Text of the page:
Isolation and maintenance of machinery and plant

A waste and recycling company in London clearly wasn’t up to speed with the regulations and as such, they paid a heavy price when one of their employees was injured while carrying out maintenance.  

In September 2020, the employee sustained severe injuries after he became trapped between a conveyor and a metal bridge which formed part of a waste sorting machine.  

He had entered the machine to carry out repairs to the mesh of the hopper but the machine hadn’t been isolated from all power sources and it was inadvertently switched on.  

Following the incident, the HSE investigated and found that the business had “failed to provide a suitable means to isolate the machinery from all sources of energy”. 

It was revealed that the isolator switch was broken and therefore couldn’t be used.  

The investigation also showed that the company didn’t have any formal arrangements for machinery maintenance.     

When the case came to court in October 2023, the company pleaded guilty to breaching Section 2(1) of the Health and Safety at Work Act 1974, which says:  

“It shall be the duty of every employer to ensure, so far as is reasonably practicable, the health, safety and welfare at work of all…employees”  

They were fined £260,000 and ordered to pay £4,358 in costs.  

An HSE inspector said  

“The fine imposed should underline…that the courts, and HSE, take a failure to ensure that maintenance work is completed safely extremely seriously.” 

“We will not hesitate to take action against companies which do not do all that they should to keep people safe.” 

Given the severe consequences of not ensuring plant and machinery safety, what steps can be taken to avoid accidents and incidents like this?  

What the law says 

Under the Provision and Use of Work Equipment Regulations 1998, also known as PUWER, employers must ensure equipment provided for work is safe and suitable for its intended use.  

Reducing risks   

To reduce the risks from plant and machinery, the employer should follow these steps: 

  • Carry out a risk assessment  
  • Set up and use safe systems of work  
  • Ensure a health and safety policy is drafted, implemented and regularly reviewed  
  • Equip employees with personal protective equipment, but only what the risk assessment says is needed. (Remember that PPE is the lowest rung of the safety hierarchy, and all other steps must be observed first) 
  • Put up appropriate signs and warning systems  
  • Ensure employees are properly trained on the equipment that they will be using 
  • If employees need to report issues they have encountered, there need to be clear procedures in place to enable them to do so 
  • Ensure emergency stop switches are placed where they are most likely to be needed in an emergency situation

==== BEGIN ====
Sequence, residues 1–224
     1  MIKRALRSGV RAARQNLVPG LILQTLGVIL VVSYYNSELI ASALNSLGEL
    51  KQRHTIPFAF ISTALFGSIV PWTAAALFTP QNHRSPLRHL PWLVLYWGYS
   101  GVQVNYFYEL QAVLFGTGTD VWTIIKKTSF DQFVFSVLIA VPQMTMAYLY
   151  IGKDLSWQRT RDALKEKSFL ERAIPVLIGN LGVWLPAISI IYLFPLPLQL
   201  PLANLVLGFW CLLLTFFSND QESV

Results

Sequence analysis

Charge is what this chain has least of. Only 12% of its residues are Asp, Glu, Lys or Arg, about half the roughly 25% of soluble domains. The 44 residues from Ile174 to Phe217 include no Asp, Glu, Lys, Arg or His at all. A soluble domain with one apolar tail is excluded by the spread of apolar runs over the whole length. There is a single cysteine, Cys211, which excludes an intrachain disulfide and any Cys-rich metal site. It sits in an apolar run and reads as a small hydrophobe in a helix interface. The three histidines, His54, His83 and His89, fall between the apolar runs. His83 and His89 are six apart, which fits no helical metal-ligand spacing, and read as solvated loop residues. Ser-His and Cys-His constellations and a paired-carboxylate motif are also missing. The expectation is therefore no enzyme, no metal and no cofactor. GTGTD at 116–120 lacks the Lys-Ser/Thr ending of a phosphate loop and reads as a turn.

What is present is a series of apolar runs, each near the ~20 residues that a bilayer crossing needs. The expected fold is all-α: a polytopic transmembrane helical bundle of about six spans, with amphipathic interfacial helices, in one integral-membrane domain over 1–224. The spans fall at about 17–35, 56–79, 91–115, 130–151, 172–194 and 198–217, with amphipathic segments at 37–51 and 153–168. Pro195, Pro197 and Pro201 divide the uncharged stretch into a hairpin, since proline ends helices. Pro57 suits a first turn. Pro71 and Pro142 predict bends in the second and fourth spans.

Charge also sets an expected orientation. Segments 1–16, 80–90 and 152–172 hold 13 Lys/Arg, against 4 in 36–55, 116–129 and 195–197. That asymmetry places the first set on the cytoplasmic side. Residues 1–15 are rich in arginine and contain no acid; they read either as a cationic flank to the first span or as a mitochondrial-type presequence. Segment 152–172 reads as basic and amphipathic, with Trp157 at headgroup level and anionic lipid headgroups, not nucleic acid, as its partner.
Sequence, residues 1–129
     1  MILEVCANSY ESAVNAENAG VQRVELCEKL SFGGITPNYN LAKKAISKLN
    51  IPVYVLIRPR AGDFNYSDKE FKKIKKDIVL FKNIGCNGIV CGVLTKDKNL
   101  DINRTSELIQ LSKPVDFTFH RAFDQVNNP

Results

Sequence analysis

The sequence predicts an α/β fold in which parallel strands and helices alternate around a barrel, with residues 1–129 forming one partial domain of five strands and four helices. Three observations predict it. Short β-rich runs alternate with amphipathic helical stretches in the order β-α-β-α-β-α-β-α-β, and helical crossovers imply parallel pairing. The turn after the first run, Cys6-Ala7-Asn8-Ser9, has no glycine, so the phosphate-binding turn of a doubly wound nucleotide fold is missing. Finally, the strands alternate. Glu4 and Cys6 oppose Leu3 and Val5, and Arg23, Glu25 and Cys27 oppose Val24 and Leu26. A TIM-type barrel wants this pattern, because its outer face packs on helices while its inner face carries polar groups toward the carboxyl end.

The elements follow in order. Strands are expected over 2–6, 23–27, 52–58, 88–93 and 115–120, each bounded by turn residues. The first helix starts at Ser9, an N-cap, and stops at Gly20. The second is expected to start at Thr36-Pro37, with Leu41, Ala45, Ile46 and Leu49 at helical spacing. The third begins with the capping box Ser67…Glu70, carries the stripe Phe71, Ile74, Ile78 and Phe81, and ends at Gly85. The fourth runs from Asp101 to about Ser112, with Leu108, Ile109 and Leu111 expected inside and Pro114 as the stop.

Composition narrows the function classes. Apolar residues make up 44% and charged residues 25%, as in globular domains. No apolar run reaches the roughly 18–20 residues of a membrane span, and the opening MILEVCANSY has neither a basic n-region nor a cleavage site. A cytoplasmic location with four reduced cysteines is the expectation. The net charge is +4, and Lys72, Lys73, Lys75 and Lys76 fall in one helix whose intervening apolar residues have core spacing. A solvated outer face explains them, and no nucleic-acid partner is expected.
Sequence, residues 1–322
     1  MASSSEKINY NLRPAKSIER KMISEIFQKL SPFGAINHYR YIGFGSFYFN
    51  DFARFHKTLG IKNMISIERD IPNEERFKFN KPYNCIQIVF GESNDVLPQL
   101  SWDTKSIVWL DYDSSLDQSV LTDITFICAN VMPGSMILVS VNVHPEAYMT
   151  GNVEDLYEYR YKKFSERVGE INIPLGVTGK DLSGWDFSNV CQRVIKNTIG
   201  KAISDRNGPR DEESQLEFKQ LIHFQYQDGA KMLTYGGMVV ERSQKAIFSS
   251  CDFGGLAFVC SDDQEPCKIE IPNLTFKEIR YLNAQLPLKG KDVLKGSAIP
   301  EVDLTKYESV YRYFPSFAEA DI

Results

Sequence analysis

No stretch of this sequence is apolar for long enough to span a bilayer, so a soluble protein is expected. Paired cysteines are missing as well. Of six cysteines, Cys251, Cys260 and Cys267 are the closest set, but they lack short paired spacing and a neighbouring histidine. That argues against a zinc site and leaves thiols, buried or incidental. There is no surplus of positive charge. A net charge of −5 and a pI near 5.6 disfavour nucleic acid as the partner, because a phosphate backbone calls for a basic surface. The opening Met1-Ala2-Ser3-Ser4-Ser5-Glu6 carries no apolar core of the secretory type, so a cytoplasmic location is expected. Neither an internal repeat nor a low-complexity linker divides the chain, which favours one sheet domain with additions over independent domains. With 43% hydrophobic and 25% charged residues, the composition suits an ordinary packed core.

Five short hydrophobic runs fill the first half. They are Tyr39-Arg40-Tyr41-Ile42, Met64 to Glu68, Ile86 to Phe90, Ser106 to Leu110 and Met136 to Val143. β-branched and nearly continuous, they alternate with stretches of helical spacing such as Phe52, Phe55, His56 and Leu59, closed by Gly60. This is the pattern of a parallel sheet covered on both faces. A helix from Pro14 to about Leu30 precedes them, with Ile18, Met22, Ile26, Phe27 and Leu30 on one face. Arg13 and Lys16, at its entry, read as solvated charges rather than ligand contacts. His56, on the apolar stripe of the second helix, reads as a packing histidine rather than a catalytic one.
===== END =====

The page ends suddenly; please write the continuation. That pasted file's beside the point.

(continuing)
• Ensure machine guards are in place where this is required for safe operation of the machinery 

What does PUWER say about isolation from sources of energy?  

Isolation from sources of energy 

19.— (1) Every employer shall ensure that where appropriate work equipment is provided with suitable means to isolate it from all its sources of energy. 

(2) Without prejudice to the generality of paragraph (1), the means mentioned in that paragraph shall not be suitable unless they are clearly identifiable and readily accessible. 

(3) Every employer shall take appropriate measures to ensure that re-connection of any energy source to work equipment does not expose any person using the work equipment to any risk to his health or safety. 

The most common sources of energy are power, heat and pressure but there are others – it depends on the particular equipment. A risk assessment will therefore need to cover them all.  

It’s also important to ensure that the means of isolation are constructed to recognised standards where possible and that they are robust enough to withstand the same operating conditions as the equipment.  

Attention also needs to be paid to the restoration of energy to the equipment and that this is done in a safe manner.  

Employers must ensure that people are not put at risk when the energy source is reconnected from unexpected movement or other hazards.  

Guards and other protection devices must therefore be re-fitted and function properly before operation begins.  


As noted above, the HSE investigation found that the company had no formal maintenance arrangements for the machinery. 

A maintenance schedule involving a competent person is crucial to ensuring the safety of all employees using the machinery.  

Proper maintenance procedures will:  

  • reduce breakdowns 
  • cut down lost time or production 
  • reduce the risk of injury and accidents by sudden failure of plant/machinery 
  • reduce the risks of civil claims from accidents/injuries 
  • make plant/machinery more efficient, which can also lead to lower energy costs   
  • extend the working life of the plant/machinery. 

Before beginning any maintenance procedure on machinery or plant, it’s important to make sure that: 

  • the plant/machinery is in a safe area free of other hazards and has been allowed to cool down 
  • the power supply is isolated (see above) 
  • other energy sources, such as compressed air and petrol, are discharged; 
  • any part held by hydraulics is lowered or chocked 
  • others are locked out of the equipment/system 
  • the lighting is sufficient to carry out maintenance 
  • if necessary, working at height protocols are in place 
  • emergency procedures are in place 

Making sure that machinery and plant are safe for workers to use is a complex process that requires the services of a competent person. If no such person is available in the workforce, it is a very good idea to consult an external expert who can provide guidance and direction on how to comply with the law and keep the workforce safe.